From salon clients to convicted criminals, Deborah Coburn just wants to empower people.
And as of this month, she’s been doing it for a quarter of a century.
The Queenstown hairdresser is the force behind Collective Courses, a series of programmes to help people from all walks of life build confidence and personal skills.
Her work as a hairdresser was a big driver to start the courses, she says.
With roughly six clients a day over more than two decades, that’s 35,000 conversations during her career.
“During these years I have witnessed clients in personal situations that have moved me with raw emotions from grief, sadness, loss, and broken hearts from relationships ending.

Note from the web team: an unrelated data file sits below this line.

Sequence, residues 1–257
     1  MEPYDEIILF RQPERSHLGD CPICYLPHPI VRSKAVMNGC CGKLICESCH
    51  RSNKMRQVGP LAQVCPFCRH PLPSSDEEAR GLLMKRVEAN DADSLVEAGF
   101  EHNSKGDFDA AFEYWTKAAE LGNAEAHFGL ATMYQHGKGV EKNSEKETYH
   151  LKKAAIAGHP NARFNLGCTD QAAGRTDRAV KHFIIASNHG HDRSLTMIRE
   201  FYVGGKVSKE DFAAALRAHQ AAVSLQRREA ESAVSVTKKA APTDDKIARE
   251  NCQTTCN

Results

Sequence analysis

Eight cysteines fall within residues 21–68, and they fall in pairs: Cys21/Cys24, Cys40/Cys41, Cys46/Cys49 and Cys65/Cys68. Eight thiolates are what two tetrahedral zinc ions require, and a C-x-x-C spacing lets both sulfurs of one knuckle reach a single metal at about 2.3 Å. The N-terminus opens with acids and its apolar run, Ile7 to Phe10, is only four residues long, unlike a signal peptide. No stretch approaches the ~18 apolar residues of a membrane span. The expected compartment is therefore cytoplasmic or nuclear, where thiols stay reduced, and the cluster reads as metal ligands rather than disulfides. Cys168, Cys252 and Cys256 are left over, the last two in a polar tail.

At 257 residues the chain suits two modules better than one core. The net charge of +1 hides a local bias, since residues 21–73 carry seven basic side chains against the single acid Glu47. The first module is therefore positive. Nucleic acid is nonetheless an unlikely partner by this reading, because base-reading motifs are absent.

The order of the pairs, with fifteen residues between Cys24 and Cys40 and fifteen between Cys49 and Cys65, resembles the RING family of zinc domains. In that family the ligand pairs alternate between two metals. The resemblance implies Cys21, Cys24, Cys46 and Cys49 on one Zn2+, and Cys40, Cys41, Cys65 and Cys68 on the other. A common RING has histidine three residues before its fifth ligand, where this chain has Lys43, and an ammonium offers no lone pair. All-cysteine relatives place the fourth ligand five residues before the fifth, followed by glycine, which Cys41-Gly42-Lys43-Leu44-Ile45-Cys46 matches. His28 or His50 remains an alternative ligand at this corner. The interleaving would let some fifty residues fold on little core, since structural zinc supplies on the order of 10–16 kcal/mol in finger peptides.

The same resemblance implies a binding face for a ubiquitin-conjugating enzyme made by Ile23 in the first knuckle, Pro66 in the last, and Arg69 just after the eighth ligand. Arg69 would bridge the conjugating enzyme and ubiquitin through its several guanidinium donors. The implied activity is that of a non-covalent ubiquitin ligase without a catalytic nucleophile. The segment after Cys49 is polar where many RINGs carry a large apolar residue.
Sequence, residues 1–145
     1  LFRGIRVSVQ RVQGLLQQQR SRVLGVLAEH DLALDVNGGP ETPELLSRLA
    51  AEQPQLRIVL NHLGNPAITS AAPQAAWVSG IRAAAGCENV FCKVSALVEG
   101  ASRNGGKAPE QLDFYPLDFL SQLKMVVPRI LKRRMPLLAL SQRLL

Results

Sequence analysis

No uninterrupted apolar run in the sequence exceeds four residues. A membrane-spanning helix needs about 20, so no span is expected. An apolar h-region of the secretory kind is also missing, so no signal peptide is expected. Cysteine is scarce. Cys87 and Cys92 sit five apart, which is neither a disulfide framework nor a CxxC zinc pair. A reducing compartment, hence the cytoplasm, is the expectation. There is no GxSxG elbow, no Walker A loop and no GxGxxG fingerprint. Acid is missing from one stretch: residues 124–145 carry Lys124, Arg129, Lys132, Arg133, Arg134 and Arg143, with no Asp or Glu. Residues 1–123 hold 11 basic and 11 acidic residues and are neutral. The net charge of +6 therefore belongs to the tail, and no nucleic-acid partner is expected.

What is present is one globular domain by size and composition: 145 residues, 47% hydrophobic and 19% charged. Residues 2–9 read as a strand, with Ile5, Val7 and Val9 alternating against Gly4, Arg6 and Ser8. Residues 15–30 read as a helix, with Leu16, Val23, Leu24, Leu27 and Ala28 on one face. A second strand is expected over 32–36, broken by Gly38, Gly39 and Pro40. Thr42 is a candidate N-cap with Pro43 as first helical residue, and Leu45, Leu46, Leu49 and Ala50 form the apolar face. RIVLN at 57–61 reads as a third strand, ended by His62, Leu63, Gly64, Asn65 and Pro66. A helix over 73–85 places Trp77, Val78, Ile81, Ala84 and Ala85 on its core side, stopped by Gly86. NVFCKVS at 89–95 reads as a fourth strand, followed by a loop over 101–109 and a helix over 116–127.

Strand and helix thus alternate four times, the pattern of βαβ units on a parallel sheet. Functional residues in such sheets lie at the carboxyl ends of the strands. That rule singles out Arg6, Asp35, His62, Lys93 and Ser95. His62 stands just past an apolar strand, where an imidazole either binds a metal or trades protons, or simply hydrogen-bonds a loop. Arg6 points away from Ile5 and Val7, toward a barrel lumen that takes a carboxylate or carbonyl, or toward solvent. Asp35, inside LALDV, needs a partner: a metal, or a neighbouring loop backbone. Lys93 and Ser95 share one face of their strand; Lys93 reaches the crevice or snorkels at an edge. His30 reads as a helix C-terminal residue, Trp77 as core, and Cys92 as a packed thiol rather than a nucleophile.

“People have bared their souls with their most personal secrets that sometimes they have never confided with anyone else. As a hairdresser we meet men, women and children of all ages and become part of their lives, sharing dreams and goals. Often connecting them with someone to help them along their journey.”
She also worked in a modelling agency in her early 20s, which was another factor.
“I could see what people believed about themselves, it wasn’t what I would see.
“So I started getting really interested at that point.”
While her work started with women and teen girls, she’s started to broaden her courses.
That’s down to starting work with groups of men through the Department of Corrections.
“It has made me very aware that there is such a need for both men, and women, and teenagers, to gain life tools to help themselves and for the relationships around them.”
She tries to use the courses to give back in other ways, such as raising money for Ronald McDonald Trust.
Her next course, Teenage Girls Day Out, is on September 30 at Queenstown’s SkyCity.